As of the beginning of April 2023, 948 civilian hostages held in the Russian Federation, Belarus, and the occupied territories were identified. But their number may be five to seven times higher as Russia does not provide information about detained civilians to anyone. The largest number of such civilian hostages was taken captive in Kherson, Kharkiv, Donetsk, Luhansk, and Kyiv regions. This was reported by the Media Initiative for Human Rights (MIHR), which is part of the Ukraine 5AM Coalition.
Among the most common crimes committed by the Russian army in Ukraine are unlawful detentions and taking of the civilian population as hostages. Civilians are held in a centralized manner, often in the same places as prisoners of war. The Russian military terrorises people: they kidnap, torture, kill men, women, and children. The MIHR recorded the first enforced disappearances of civilians since the beginning of this phase of the war in February 2022.
Moreover, according to Kateryna Ohiyevska, a representative of NGO “Civilians in Captivity”, the Russian Federation is constantly displacing these people, which greatly complicates the search.
“A person may stay in Kursk region, Belgorod region for a year, then he or she can be returned to Kursk, and then taken to Kamensk-Shakhtinskiy, Rostov region. My fiance is still in captivity, only a year later they confirmed to us that his official status is ‘in captivity’,” Ohiyevska says.
The de-occupation of territories is rarely a salvation for civilian hostages. There were few cases when the Russians let people go while retreating. Usually, civilian prisoners are simply transported. Anastasia Panteleyeva, head of the MIHR documentation department, observes this in the example of the partially de-occupied Kherson region.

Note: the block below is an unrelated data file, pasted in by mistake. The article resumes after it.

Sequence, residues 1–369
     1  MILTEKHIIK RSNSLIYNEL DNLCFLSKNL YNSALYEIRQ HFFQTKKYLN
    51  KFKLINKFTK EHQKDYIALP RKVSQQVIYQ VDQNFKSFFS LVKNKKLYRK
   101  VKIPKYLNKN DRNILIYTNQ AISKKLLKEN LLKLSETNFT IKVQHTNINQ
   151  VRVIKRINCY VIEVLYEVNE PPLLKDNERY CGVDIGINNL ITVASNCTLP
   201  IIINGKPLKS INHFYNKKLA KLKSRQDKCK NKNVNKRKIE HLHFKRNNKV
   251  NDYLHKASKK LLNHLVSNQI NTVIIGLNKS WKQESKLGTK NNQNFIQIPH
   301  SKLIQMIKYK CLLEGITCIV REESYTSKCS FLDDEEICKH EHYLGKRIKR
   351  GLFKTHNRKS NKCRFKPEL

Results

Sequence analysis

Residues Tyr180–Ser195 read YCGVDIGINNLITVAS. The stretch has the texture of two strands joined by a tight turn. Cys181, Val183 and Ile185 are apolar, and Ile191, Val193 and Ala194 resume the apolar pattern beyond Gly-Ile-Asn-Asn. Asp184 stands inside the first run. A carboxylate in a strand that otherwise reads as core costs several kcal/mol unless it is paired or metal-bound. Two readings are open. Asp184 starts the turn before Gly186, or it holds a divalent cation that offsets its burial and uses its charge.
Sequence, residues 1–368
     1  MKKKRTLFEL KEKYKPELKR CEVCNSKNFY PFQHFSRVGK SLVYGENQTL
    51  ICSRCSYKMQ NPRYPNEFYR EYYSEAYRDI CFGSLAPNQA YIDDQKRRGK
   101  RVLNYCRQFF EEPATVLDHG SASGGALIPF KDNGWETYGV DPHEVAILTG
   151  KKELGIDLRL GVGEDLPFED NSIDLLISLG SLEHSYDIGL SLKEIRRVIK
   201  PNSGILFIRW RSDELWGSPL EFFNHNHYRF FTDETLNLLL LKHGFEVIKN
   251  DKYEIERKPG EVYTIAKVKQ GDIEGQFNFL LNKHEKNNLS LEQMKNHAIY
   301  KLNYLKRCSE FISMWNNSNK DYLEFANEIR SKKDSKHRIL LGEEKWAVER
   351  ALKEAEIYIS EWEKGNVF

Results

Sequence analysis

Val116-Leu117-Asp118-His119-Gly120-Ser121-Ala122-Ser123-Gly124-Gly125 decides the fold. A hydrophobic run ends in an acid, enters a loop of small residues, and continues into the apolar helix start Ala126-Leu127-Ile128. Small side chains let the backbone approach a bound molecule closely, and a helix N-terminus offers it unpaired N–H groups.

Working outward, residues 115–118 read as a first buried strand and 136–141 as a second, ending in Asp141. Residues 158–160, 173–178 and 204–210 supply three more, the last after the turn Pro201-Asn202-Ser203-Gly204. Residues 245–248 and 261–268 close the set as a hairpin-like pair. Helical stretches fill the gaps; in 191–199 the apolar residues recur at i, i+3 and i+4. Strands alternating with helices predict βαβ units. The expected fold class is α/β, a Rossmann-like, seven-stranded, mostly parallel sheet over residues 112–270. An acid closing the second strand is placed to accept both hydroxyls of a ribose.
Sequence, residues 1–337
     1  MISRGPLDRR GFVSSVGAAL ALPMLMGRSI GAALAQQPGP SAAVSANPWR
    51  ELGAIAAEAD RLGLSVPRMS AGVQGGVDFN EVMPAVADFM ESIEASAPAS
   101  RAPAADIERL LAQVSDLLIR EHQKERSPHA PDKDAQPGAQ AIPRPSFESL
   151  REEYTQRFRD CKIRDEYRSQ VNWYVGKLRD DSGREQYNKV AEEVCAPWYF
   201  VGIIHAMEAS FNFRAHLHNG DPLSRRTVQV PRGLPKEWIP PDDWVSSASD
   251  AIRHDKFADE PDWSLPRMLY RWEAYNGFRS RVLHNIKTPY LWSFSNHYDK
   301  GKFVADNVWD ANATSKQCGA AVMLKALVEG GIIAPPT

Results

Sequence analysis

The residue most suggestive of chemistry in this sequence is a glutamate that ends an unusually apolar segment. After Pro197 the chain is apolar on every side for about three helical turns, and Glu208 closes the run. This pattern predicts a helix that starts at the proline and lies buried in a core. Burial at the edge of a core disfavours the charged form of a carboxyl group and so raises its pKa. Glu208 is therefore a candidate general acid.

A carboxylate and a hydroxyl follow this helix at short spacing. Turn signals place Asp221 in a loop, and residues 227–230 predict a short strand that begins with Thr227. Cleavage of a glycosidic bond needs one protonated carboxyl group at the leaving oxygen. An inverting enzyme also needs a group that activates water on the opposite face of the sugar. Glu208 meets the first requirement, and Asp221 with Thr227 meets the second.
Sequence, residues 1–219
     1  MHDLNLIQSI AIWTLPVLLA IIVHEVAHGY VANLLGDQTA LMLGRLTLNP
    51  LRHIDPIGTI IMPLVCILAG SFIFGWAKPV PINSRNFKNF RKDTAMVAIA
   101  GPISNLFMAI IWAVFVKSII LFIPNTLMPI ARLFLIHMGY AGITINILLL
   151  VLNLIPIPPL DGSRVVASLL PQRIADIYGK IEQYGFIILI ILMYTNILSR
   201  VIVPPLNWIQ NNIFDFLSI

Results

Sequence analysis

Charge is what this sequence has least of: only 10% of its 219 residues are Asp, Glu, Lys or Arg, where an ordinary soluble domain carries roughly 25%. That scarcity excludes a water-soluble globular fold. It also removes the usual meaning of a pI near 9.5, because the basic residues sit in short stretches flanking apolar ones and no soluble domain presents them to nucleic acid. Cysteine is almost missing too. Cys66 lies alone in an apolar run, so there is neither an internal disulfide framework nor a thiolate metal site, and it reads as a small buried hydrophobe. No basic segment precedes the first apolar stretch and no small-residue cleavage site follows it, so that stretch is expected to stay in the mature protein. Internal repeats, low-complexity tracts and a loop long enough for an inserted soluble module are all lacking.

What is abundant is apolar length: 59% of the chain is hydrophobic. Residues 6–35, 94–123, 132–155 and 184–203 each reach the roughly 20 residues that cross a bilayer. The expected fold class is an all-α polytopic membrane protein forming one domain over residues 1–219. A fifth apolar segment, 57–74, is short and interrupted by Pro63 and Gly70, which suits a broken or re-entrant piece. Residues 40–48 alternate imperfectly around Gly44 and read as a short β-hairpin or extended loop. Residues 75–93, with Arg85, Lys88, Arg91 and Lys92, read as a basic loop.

“For example, after the de-occupation of the right bank of the Dnipro River, the Russians moved the torture chambers, which were located close to the front line, deep into the occupied territories. They held people in Nova Kakhovka and moved them to Chonhar, Kalanchak, Chaplynka near Crimea. Some were transferred to the pretrial detention centre, from the pretrial detention centre to Rostov and further. Probably, before the retreat, if it is not a stunning operation in a day, the Russians will take our prisoners with them,” Panteleyeva says.
The norms of international law prohibit the unlawful detention and taking of the civilian population as hostages during an armed conflict. The displacement of the population by the occupying power, Russia in our case, is a war crime at least. And taking into account the large-scale practice of deportation of Ukrainians to specially prepared places of detention, it may indicate the commission of a crime against humanity which is a more serious international crime. At the same time, unlawful detention, ill-treatment, and poor conditions of detention of displaced civilians violate many international conventions. And the prohibition of torture is an imperative norm of international law and must be observed by all states even during an international armed conflict.